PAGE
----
Fashion Monitor Premium paid for subscribers have access to Press contacts such as broadcast, print and online, Brands and designers contacts, PR contacts, Freelance journalists and blogger contacts, Creative agency contacts, Freelance creative contacts such as stylists, photographers, make-up artists, and Location agencies and event organizer contacts. Also they have access to news such as product, campaign and collection launches, PR agency account wins, Media title launches (print and online), Key industry announcements and contact changes, Retail openings and expansion plans, and celebrity endorsements. Along with contacts and news there are also events such as press days, Catwalk shows, Fashion weeks, Industry parties, Press launches/openings, Trade exhibitions, Networking events, Competitions/awards, and interview opportunities. This is such a good site for fashion graduates or anyone with a PR, Creative Resources or Media degree to find out what’s going on and help them find the right job. There are so many opportunities to be found and some great experiences to get involved with especially in the events, and getting involved can create some amazing contacts for life that can help you grow if you decided to go alone by setting up your own business. This site always keeps me update with what’s going on and I can search for jobs that I would like to take up in the future that I know I would pursue as a career. Fashion Monitor is a top site and I would recommend it to anyone who wants to keep on top of the goings on in the industry and looking for a graduate job.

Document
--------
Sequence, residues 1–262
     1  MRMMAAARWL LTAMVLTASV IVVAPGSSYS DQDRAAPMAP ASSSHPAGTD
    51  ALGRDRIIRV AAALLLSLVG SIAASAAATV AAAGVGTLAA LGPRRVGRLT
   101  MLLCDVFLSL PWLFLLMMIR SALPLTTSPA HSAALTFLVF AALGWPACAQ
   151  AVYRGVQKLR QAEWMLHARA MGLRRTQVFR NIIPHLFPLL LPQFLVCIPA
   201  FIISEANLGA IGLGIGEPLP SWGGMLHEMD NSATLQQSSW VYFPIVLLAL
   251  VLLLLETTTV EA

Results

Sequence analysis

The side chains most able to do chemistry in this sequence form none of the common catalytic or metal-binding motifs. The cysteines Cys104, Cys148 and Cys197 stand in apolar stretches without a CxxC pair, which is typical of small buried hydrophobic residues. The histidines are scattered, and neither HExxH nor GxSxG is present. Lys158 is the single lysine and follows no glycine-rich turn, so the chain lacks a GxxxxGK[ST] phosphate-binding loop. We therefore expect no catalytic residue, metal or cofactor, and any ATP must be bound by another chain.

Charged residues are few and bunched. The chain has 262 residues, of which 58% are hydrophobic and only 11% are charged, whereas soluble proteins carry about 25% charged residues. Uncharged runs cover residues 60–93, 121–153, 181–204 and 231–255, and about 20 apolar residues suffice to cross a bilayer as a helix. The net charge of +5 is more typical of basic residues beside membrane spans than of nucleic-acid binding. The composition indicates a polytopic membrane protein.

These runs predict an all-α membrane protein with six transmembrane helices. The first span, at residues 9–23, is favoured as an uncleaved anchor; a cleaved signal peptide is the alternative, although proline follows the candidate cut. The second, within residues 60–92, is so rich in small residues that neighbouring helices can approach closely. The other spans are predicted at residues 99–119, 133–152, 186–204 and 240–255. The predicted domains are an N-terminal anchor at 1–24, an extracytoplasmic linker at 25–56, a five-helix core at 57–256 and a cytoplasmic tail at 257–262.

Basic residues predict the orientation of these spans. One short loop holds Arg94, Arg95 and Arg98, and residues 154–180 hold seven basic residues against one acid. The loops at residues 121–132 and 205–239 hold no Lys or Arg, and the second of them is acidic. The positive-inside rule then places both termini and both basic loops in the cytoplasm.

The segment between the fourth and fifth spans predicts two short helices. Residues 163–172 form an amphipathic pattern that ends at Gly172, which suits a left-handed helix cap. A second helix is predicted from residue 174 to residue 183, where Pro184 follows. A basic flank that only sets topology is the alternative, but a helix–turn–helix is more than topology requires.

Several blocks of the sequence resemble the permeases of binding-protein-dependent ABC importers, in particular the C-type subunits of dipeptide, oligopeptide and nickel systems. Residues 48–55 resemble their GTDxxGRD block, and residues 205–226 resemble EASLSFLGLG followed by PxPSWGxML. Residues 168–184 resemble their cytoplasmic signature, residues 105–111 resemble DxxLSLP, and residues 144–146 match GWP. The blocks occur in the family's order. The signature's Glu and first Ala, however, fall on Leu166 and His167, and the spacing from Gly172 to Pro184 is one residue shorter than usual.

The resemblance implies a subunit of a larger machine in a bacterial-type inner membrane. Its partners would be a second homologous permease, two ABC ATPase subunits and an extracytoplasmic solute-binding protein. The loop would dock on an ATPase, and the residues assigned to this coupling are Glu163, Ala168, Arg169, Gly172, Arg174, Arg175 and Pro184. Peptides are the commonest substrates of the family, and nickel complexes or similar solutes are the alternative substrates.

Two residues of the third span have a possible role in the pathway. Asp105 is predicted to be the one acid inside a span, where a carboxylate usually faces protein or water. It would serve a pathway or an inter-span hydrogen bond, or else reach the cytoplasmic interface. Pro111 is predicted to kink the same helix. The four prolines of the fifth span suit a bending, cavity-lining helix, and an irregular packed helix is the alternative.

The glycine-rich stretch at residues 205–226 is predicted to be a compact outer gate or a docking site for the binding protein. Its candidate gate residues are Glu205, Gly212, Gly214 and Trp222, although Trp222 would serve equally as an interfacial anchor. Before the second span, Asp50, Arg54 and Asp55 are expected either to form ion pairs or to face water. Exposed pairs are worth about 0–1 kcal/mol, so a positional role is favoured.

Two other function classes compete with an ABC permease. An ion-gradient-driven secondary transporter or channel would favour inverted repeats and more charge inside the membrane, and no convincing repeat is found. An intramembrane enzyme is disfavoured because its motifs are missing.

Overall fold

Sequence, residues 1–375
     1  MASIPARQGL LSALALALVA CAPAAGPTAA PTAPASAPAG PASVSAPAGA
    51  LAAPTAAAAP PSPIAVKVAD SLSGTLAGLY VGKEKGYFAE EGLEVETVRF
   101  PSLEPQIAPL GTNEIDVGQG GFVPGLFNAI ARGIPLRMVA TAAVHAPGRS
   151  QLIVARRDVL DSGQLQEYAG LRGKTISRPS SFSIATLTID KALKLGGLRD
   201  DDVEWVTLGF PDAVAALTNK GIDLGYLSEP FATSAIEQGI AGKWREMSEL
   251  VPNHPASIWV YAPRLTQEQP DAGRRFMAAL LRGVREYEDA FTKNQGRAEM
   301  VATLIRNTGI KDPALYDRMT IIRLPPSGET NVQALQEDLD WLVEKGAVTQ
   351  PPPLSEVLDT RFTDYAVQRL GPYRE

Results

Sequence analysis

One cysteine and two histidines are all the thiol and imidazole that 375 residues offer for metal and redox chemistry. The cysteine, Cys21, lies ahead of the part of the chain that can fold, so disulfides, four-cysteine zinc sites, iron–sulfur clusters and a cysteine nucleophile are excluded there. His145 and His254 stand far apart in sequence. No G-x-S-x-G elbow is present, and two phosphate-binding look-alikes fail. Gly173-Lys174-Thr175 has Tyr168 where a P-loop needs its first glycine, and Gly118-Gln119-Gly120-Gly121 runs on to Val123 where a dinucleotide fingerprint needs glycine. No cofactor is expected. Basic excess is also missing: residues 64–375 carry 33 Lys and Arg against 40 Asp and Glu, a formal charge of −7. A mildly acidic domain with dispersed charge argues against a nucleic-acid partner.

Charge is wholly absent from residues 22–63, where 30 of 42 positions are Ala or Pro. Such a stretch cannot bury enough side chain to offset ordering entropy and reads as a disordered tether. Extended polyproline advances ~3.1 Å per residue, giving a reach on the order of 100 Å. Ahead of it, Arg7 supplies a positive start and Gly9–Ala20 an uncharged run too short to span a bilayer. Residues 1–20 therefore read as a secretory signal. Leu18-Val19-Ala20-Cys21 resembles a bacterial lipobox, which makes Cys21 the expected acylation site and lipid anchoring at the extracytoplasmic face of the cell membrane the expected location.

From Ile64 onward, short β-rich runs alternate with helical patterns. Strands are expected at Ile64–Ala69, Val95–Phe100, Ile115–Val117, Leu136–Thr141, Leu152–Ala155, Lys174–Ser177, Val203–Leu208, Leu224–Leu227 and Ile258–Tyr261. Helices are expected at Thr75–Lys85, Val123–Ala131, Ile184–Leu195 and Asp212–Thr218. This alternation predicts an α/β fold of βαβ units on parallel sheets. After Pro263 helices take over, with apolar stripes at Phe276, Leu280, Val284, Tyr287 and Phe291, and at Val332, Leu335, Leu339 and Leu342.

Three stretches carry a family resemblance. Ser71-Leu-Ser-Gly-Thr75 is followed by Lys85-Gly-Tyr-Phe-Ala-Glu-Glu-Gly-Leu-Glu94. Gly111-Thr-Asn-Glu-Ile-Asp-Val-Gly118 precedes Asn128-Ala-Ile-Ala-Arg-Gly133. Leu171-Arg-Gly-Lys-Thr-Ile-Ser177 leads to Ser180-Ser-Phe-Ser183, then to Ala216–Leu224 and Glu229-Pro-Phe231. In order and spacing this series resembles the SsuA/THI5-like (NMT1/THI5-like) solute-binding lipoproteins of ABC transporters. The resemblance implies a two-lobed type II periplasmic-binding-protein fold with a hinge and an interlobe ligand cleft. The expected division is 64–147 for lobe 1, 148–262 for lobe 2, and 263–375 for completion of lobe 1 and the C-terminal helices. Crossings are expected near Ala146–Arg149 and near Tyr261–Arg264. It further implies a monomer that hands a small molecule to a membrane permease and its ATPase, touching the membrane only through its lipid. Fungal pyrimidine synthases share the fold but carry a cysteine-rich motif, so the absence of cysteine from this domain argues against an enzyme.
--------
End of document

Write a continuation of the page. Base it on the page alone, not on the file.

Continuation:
jobs i would like

Personal Shopper - TOPSHOP
added: November 2011
A unique opportunity has arisen to join us as a TOPSHOP Personal Shopper at our Flagship store in Oxford Circus.
As a Personal Shopper you will be there to deliver exceptional service standards and build up a solid customer base through marketing of the Personal Shopper service both within the store and the local area. Your aim as a Personal Shopper will be to promote the brand's identity and to maintain the highest standards of Customer Service.
Key responsibilities
• Offering the highest level of customer service with genuine passion and enthusiasm for the Brand
• Building a strong client base through networking opportunities
• Carry out appointments with a variety of clients - tailoring the service to their individual needs and style
• Meeting set targets on sales to drive the success of the department
• Carry out Press interviews and Photo shoots to promote the service in a positive way
• Build great relationships with the head office brand departments and the store team
• Line management of Personal Shopping Assistant, coach and develop where needed